Is Kyushu Electric Power Co. (KEPCO) really taking nuclear safety seriously? Such misgivings arise when we consider the utility's decision to scrap plans to build a seismically isolated facility at its Sendai Nuclear Power Plant in Kagoshima Prefecture.
When it applied for safety screening for the No. 1 and No. 2 reactors at the plant, KEPCO promised to build a seismically isolated emergency response center that was to serve as a frontline base in the event of a nuclear accident. Later, however, the company decided it would make do with an existing quake-resistant facility, and it applied to the Nuclear Regulation Authority (NRA) at the end of last year to alter its plans.
KEPCO has no experience obtaining government permission and building a seismically isolated nuclear power facility, and told the NRA that if it were to instead use a quake-resistant facility with which it has plenty of experience, it would be possible to begin operations at an early date, thereby enhancing safety. Yet it has not actually stated when it would be able to begin operating the quake-resistant facility.
The NRA views the power company's turnabout negatively, and has asked KEPCO to resubmit its application, on the basis that it lacks grounds for its claim.
In August last year, the No. 1 reactor at the Sendai Nuclear Power plant was reactivated, becoming the first to be restarted after passing new safety standards implemented in the wake of the Fukushima Nuclear Disaster. The plant's No. 2 reactor was similarly reactivated in October. When KEPCO applied to the NRA for safety screening, the utility had promised that it would build an important base-isolated structure, aiming to complete it sometime around this fiscal year. Inside the structure, it was to establish an emergency response center with a floor space of about 620 square meters. It said it would temporarily use a substitute quake-resistant facility with a floor space of about 170 square meters while the base-isolated structure was being built.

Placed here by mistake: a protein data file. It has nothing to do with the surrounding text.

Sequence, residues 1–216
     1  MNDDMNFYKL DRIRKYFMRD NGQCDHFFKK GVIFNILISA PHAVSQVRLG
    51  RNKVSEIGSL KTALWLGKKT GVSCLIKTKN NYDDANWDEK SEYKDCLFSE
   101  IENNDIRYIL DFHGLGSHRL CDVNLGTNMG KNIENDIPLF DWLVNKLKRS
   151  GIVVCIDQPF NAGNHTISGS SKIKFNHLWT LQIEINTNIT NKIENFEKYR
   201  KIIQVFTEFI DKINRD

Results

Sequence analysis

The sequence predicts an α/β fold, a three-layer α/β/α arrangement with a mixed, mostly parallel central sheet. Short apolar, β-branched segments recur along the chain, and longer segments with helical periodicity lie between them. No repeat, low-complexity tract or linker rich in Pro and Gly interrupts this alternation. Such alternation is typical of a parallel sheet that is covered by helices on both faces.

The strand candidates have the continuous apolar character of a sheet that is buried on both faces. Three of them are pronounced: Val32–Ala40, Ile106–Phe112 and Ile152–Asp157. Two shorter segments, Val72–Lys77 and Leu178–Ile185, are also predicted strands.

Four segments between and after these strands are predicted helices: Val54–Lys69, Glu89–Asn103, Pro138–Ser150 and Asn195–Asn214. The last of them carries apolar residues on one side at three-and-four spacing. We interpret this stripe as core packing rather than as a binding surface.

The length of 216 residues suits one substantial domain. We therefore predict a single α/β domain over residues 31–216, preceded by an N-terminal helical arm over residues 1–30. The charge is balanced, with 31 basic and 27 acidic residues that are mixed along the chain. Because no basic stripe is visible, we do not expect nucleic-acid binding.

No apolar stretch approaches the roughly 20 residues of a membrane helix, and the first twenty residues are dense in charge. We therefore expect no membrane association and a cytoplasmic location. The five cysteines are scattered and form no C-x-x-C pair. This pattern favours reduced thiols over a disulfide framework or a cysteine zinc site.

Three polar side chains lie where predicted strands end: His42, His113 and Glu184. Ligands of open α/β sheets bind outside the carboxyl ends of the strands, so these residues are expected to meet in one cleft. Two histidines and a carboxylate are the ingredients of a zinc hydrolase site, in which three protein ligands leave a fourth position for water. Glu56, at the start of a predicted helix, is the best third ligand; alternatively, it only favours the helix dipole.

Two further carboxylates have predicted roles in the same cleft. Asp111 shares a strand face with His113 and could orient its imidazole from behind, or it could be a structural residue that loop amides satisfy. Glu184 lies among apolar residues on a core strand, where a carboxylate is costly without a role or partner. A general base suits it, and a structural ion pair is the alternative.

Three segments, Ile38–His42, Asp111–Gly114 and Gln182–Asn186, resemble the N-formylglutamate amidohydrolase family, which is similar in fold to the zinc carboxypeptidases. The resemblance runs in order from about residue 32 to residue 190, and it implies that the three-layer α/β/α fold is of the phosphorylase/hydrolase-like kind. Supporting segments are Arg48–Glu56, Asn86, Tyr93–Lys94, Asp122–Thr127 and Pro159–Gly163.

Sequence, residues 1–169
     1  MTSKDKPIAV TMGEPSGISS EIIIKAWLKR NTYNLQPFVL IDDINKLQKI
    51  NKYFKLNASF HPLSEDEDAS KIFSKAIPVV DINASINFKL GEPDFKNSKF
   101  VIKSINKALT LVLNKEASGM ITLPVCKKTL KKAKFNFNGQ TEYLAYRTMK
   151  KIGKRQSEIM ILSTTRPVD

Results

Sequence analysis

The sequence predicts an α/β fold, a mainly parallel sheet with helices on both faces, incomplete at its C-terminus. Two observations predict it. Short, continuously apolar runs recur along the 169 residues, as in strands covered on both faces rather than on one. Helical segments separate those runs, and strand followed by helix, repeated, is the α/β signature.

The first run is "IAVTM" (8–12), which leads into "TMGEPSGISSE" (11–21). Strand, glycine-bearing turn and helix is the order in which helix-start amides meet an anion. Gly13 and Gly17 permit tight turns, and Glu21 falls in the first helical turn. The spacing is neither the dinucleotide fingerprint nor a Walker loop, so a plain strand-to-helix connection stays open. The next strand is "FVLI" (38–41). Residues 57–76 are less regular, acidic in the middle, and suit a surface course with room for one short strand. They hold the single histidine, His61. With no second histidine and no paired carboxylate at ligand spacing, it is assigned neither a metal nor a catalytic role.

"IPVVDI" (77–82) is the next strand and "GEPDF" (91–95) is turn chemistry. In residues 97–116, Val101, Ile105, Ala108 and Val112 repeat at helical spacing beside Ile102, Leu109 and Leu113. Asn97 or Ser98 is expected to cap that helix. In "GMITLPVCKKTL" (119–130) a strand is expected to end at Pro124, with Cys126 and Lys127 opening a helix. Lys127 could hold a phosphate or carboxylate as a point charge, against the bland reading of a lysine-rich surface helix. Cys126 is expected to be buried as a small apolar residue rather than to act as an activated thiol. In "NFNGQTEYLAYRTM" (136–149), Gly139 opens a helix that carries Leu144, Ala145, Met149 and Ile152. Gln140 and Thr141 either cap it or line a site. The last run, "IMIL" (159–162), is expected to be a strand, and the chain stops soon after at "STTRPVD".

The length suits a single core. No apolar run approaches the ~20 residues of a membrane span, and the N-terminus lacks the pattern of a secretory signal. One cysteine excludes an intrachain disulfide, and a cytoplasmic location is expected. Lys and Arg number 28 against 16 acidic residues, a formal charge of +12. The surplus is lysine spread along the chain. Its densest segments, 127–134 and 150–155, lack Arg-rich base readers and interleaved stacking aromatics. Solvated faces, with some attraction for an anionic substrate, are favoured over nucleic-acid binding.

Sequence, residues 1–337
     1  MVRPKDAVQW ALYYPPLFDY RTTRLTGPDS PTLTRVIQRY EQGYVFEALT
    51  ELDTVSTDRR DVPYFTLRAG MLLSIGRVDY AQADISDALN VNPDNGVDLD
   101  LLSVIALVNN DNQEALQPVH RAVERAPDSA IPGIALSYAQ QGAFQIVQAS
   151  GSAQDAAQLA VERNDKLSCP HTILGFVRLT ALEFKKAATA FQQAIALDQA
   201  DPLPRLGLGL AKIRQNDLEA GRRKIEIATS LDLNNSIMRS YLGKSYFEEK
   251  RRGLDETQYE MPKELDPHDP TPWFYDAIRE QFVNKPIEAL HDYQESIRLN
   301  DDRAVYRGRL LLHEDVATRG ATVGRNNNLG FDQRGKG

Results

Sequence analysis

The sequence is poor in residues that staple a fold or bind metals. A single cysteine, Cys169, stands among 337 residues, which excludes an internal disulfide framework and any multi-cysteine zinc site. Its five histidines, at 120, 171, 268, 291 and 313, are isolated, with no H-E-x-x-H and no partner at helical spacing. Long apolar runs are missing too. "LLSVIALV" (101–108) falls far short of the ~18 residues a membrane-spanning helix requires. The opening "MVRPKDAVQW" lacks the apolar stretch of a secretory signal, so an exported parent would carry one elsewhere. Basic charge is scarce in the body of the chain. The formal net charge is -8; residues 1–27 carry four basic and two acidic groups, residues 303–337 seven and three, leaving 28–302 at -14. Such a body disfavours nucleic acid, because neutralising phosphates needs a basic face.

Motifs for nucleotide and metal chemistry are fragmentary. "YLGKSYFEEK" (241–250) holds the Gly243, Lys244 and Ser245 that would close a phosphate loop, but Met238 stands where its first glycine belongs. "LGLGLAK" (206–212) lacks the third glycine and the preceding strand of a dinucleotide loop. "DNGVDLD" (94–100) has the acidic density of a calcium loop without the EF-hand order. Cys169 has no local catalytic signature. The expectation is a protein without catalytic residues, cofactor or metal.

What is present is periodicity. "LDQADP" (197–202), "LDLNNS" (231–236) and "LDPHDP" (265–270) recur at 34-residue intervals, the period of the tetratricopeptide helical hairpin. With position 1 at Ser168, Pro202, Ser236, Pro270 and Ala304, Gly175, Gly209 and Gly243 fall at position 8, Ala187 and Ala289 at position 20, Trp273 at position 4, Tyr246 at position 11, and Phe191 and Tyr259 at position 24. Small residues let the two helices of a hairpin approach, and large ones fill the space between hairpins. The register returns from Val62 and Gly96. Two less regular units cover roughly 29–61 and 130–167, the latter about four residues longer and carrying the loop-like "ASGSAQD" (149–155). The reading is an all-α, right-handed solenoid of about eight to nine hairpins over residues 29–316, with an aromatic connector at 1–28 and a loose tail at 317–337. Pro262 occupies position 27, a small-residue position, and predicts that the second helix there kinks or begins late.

Quake-resistant structures are built to withstand the shaking of temblors. Seismically isolated buildings, on the other hand, use buffers to absorb the shaking. This system makes it harder for equipment inside to be damaged and has the advantage of allowing workers to move smoothly even if aftershocks occur. When the Fukushima nuclear disaster occurred, a seismically isolated structure became a base for handling the disaster at the Fukushima No. 1 Nuclear Power Plant, and its importance became widely recognized.
Under KEPCO's new plan, the substitute response center would be upgraded to a regular response center, and a quake-resistant facility that could provide support with a rest facility and medical office would be set up alongside it.
KEPCO stresses that it would be able to secure a level of safety at least on par with a seismically isolated building. But changing its plans after restarting the reactors represents a breach of faith toward the NRA. It's like putting one's hand out in a game of rock, paper, scissors after the other player has already revealed their move. KEPCO has similarly declared that it will take its plan to build a seismically isolated structure at its Genkai Nuclear Power Plant back to the drawing board, sparking a backlash from a local municipality.
Under new standards, there is admittedly no regulation requiring emergency response centers to be seismically isolated -- as long as the functions of a quake-resistant structure can be maintained in an earthquake.
However, utilities have a responsibility to constantly work at improving safety -- not being satisfied with merely passing the standard. Saying, "We have no experience so we can't do it" is no excuse.
It would appear in this case, that safety is taking a back seat to costs and ease of construction. KEPCO needs to carefully respond to these kinds of misgivings and state in concrete terms why safety would improve under the changed plans. If it can't do that, then it should give up on changing the original plans.